Brazilian President Jair Bolsonaro has rejected an offer of aid from G7 countries to help in the fight against the Amazon wildfires.
French President Emmanuel Macron, the host of the G7 summit which ended on Monday, said that €19.8 million would be given to Brazil in order to help tackle the situation.
Whilst Brazilian officials have given no particular reason as to why the Brazilian government rejected the offer, President Bolsonaro accused France of almost colonising Brazil and treating it like one.
Continuing to try to mask the problem, Bolsonaro’s defence minister said that the fires erupting in the Amazon were not out of control.
Onyx Lorenzoni, Mr Bolsonaro’s chief of staff, commented on the offer, saying “Thanks, but maybe those resources are more relevant to reforest Europe.”
He also added that “Macron cannot even avoid a predictable fire in a church that is part of the world’s heritage, and he wants to give us lessons for our country?” This comment was made in reference to the Notre-Dame cathedral fire back in April.
Whilst Mr Lorenzoni also added that Brazil is exemplary in its protection of native forests and could teach “any nation” on how to protect them, statistics show that a record number of forest fires have started in Brazil, mainly in the Amazon, according to Inpe, Brazil’s space research agency.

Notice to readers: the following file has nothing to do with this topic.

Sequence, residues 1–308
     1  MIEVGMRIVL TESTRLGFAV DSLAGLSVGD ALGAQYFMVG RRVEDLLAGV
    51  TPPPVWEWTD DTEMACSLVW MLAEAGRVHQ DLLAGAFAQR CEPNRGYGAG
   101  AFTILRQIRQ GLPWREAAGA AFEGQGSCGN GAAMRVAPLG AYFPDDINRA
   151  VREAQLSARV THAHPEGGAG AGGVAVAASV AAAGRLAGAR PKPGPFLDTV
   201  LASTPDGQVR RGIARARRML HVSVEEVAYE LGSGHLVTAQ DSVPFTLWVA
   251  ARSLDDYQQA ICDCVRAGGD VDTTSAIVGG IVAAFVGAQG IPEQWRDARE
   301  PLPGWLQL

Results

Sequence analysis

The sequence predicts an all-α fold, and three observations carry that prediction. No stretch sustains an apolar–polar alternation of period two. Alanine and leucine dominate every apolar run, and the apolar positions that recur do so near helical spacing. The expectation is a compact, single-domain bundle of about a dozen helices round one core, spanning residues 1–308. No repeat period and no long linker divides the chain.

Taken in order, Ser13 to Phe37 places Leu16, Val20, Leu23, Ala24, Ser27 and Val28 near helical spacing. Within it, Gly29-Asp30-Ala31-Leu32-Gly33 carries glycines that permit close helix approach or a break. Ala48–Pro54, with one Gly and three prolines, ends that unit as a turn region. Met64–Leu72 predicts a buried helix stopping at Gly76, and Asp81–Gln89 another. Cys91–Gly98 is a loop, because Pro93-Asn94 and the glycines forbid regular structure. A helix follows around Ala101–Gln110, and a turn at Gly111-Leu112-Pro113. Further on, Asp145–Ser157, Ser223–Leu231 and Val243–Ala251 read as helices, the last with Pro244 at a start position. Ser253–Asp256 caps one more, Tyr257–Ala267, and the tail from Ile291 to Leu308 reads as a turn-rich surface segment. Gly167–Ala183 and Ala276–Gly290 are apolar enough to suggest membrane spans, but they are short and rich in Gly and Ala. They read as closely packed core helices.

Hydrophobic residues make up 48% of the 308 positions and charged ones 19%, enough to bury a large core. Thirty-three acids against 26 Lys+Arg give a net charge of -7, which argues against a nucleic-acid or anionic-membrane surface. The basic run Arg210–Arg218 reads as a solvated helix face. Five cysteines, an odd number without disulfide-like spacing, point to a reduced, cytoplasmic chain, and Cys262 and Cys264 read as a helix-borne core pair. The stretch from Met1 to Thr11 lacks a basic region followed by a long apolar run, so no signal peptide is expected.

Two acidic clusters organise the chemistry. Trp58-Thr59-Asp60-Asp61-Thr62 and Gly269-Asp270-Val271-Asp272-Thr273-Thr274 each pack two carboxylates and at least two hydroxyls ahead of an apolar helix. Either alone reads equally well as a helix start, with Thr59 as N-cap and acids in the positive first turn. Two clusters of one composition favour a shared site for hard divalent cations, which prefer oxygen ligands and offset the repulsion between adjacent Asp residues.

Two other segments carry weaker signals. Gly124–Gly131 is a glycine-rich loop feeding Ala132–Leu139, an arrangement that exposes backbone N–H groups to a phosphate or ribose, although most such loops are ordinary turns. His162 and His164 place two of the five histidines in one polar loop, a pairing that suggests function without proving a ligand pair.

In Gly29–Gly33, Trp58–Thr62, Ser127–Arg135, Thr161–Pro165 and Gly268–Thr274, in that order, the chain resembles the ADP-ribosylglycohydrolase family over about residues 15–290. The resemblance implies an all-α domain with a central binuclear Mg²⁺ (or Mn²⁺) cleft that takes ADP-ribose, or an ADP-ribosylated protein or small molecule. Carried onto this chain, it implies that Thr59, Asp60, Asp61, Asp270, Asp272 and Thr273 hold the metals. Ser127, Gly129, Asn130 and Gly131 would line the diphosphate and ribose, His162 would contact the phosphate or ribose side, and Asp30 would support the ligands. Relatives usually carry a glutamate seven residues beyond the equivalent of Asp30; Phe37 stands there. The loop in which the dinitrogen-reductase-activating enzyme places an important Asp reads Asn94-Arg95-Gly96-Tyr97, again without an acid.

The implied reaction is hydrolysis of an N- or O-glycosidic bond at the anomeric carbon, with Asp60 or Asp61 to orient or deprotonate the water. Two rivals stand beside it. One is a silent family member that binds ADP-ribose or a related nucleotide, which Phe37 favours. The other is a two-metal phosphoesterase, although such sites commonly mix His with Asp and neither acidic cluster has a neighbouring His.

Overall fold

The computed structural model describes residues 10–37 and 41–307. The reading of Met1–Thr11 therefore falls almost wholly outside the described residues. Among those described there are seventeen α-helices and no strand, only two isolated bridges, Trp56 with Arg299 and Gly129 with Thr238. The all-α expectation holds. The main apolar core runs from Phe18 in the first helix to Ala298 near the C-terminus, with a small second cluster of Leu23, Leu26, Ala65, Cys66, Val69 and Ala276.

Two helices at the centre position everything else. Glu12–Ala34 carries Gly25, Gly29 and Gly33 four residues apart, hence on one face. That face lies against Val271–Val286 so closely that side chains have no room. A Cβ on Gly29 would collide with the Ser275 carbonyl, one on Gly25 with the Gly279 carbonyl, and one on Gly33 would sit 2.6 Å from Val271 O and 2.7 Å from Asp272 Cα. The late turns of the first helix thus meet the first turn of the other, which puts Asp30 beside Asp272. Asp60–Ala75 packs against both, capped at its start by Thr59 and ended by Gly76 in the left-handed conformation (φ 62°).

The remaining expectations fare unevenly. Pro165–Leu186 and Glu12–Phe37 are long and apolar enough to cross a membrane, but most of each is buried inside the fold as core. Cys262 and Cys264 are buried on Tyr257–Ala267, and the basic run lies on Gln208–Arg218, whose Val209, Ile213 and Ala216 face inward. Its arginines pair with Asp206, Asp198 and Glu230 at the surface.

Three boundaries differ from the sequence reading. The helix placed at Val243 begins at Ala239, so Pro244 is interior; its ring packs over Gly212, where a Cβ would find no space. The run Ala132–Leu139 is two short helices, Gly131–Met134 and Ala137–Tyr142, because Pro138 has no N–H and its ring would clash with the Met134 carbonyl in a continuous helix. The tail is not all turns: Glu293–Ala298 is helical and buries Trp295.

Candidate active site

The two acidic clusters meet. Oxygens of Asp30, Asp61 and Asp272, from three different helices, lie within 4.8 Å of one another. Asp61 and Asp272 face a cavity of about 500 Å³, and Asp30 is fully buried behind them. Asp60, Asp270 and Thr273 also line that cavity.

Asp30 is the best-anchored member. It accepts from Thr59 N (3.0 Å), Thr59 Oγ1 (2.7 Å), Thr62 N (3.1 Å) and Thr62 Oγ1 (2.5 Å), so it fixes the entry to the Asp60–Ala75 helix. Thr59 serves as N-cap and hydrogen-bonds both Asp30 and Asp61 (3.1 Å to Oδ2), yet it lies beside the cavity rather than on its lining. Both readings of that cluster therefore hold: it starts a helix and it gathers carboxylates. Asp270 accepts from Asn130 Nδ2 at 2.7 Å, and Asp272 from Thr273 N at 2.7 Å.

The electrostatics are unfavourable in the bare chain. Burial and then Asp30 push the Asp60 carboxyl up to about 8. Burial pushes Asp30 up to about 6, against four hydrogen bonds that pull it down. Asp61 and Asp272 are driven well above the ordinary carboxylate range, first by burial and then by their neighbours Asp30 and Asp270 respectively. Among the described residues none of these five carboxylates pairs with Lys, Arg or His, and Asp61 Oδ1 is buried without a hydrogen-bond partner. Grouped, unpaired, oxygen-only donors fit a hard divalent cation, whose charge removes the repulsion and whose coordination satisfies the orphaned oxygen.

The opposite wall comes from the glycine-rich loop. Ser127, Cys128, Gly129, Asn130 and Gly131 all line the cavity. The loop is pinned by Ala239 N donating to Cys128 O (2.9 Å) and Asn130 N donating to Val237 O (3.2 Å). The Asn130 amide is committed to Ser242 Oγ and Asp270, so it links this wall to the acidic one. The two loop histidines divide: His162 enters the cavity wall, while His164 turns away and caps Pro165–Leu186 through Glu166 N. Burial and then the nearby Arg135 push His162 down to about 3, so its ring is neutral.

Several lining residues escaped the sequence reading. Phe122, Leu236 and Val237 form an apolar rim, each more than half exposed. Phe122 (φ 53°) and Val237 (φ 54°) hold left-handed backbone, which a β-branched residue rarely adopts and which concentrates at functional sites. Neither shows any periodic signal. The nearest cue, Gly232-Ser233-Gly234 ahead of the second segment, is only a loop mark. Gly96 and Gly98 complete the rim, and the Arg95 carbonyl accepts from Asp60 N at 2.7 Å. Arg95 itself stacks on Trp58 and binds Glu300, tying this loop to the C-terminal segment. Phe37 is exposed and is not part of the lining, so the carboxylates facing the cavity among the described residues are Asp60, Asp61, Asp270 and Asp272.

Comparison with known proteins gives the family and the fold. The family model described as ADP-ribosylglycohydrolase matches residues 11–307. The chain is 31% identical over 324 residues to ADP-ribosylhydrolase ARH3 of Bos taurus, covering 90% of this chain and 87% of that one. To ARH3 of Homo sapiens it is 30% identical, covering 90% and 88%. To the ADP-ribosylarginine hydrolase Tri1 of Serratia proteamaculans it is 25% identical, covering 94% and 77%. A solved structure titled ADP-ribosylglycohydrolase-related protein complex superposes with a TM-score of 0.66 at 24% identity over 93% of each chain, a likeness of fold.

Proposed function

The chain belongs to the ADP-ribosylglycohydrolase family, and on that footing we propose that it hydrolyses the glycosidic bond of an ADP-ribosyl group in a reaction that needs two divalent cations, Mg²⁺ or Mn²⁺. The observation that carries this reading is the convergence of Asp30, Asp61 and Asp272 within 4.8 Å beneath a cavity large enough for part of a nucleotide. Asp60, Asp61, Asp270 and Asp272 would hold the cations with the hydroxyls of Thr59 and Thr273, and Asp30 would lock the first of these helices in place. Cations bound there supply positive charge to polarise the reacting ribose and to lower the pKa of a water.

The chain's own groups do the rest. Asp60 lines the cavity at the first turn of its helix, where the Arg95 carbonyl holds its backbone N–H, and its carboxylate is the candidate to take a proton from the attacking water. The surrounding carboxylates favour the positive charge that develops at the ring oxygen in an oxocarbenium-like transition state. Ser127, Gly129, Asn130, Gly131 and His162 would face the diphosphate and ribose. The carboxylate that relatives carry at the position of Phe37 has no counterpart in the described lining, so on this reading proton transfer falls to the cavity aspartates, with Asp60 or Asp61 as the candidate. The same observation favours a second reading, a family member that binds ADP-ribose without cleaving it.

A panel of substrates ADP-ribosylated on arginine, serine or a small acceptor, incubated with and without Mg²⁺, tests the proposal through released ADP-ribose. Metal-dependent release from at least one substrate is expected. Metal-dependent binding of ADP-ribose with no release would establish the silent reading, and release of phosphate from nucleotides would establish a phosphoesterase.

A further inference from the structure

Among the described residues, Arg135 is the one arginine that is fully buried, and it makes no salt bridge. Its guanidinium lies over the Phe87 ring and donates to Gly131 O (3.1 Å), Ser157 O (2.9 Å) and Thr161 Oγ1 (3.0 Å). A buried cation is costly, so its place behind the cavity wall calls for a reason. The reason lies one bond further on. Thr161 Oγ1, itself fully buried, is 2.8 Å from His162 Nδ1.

Mr Macron stated last week that these fires are an “international crisis”, with the Amazon rainforest being crucial to global economies, as well as health.
Whilst Mr Bolsonaro previously stated that the Brazilian government lacked the resources required to fight the wildfires, the rejection of the financial aid handed to the country by the G7 comes as no surprise, given his insistence to remain prideful and handle the situation on his own.
During his announcement on behalf of the G7 on Monday, Macron said that the funds would be made available immediately, mainly in order to pay for more fire-fighting planes.
Apart from this, Macron also said that France would be ready to provide “concrete support with military in the region”.
In what is currently a conflicted government, Bolsonaro’s environment minister, Ricardo Salles, initially said that the funding was more than welcome.